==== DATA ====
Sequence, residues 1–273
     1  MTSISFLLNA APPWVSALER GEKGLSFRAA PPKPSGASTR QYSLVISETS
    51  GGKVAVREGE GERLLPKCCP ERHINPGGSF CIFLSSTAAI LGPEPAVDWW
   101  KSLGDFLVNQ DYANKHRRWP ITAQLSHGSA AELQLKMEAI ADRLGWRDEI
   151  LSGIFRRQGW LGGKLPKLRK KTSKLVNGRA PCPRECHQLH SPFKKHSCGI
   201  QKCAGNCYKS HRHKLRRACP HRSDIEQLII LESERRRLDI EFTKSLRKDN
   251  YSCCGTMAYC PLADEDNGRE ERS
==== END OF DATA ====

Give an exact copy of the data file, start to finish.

Sequence, residues 1–273
     1  MTSISFLLNA APPWVSALER GEKGLSFRAA PPKPSGASTR QYSLVISETS
    51  GGKVAVREGE GERLLPKCCP ERHINPGGSF CIFLSSTAAI LGPEPAVDWW
   101  KSLGDFLVNQ DYANKHRRWP ITAQLSHGSA AELQLKMEAI ADRLGWRDEI
   151  LSGIFRRQGW LGGKLPKLRK KTSKLVNGRA PCPRECHQLH SPFKKHSCGI
   201  QKCAGNCYKS HRHKLRRACP HRSDIEQLII LESERRRLDI EFTKSLRKDN
   251  YSCCGTMAYC PLADEDNGRE ERS